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Houtsma v. State

United States District Court, N.D. Florida, Gainesville Division

September 18, 2019

JOHN HOUTSMA, Petitioner,



         Petitioner John Houtsma is a civilly committed detainee confined in the Florida Civil Commitment Center in Arcadia, Florida, pursuant to the Jimmy Ryce Act, sections 394.910-.31, Florida Statutes (2000).[1] On June 13, 2019, Petitioner initiated this case by filing a petition for a writ of habeas corpus pursuant to 28 U.S.C. § 2254. ECF No. 1. Petitioner is proceeding pursuant to an Amended Petition, ECF No. 5 (hereafter “Petition”).

         The Petition challenges a judgment and sentence imposed on July 8, 1998, by the Eighth Judicial Circuit Court in Levy County, in case number 1997-CF-000777, following Petitioner's guilty plea to lewd and lascivious molestation of a victim under the age of twelve. Petitioner was sentenced to two years and six months imprisonment, followed by 10 years of reporting probation. ECF No. 5 at 2.

         Petitioner has previously sought habeas corpus relief from this same conviction and sentence. Those petitions were dismissed for lack of jurisdiction because Petitioner's criminal sentence had fully expired before the petitions were filed and therefore he did not satisfy the “in custody” requirement for seeking habeas corpus relief. See Houtsma v. State, No. 1:19-cv-98-MW-GRJ (N.D. Fla. Sept. 3, 2019); Houtsma v. State, No. 4:19-cv-131-RH-CAS (N.D. Fla. April 25, 2019); and Houtsma v. State, No. 4:19-cv-132-RH-CAS (N.D. Fla. April 25, 2019). A fourth petition challenging his continued civil commitment under the Jimmy Ryce Act was transferred to the Middle District of Florida, Ft. Myers Division, which encompasses the facility where Petitioner is confined. See Houtsma v. State, Case number 4:19-cv-133-RH-CAS (April 25, 2019).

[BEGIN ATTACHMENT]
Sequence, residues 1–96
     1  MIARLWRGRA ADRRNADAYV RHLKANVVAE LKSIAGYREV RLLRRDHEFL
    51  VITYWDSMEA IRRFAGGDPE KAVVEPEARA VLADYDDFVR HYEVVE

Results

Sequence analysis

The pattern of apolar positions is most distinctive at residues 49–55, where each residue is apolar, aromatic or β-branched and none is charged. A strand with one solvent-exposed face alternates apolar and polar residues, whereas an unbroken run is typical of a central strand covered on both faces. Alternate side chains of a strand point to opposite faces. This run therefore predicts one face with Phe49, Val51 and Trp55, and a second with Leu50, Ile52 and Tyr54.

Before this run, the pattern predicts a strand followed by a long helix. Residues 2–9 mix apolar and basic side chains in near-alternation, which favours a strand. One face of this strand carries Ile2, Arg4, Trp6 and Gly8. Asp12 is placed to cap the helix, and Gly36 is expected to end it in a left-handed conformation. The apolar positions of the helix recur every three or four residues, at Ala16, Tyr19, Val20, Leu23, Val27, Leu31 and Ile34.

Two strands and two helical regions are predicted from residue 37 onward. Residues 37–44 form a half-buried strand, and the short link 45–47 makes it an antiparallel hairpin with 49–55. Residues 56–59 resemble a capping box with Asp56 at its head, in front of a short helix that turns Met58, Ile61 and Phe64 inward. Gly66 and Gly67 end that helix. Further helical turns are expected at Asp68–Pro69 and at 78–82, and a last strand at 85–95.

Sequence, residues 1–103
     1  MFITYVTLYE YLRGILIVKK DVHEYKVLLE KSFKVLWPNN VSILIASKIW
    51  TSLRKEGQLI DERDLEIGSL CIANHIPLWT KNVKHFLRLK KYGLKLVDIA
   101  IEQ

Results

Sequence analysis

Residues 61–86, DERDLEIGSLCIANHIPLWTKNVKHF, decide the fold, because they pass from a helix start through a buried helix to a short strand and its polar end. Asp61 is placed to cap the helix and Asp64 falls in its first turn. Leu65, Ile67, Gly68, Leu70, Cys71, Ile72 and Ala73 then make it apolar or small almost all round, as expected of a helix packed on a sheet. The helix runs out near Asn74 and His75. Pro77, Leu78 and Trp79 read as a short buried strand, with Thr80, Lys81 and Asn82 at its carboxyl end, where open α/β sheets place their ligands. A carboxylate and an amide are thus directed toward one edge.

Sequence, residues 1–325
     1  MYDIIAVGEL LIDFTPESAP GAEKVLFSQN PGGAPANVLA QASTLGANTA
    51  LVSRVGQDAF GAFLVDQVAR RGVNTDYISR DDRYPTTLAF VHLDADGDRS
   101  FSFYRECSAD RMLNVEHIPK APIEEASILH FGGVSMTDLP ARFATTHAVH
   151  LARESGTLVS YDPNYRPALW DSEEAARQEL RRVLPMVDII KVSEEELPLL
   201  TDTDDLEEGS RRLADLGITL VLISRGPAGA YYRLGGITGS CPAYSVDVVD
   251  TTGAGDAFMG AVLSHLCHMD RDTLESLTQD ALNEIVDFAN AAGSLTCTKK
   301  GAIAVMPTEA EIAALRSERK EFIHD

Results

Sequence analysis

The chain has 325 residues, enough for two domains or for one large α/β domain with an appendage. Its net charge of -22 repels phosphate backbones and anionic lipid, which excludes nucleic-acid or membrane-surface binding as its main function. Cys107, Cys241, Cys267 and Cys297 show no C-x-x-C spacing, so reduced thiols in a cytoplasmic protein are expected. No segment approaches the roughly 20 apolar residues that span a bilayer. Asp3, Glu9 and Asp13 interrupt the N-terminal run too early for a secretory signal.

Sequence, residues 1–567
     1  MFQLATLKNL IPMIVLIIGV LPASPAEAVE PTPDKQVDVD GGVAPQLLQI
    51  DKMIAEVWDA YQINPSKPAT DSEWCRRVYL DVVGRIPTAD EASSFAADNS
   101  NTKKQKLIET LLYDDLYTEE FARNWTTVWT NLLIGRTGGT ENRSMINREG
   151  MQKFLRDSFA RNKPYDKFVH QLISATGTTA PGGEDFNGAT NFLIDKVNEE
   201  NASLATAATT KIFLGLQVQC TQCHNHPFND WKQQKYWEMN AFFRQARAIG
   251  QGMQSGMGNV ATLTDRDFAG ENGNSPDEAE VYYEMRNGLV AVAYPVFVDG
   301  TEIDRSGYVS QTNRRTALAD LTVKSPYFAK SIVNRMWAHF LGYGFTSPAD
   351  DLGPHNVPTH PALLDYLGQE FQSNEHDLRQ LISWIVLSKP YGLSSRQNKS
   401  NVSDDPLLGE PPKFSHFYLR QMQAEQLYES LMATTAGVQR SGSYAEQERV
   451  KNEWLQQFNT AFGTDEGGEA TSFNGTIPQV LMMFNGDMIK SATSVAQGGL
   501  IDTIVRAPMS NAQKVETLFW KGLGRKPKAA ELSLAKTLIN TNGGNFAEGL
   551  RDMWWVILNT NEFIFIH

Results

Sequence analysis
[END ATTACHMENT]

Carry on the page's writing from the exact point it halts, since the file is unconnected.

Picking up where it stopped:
For the same reason that Petitioner's previous habeas corpus petitions were dismissed, this Court lacks jurisdiction over the current petition. Relief under 28 U.S.C. § 2254 is available to a person who is “in custody pursuant to the judgment of a State court only on the ground that he is in custody in violation of the Constitution or laws or treaties of the United States.” The "in custody" requirement is a prerequisite to invoking the subject matter jurisdiction of the court. Unger v. Moore, 258 F.3d 1260, 1263 (11th Cir. 2001).

         In Maleng v. Cook, 490 U.S. 488, 491-92 (1989), the Supreme Court held that once a sentence has fully expired, the petitioner is not “in custody” for purposes of attacking that conviction in a habeas petition even if the expired conviction has been used to enhance a sentence imposed under a subsequent conviction. The Court explained: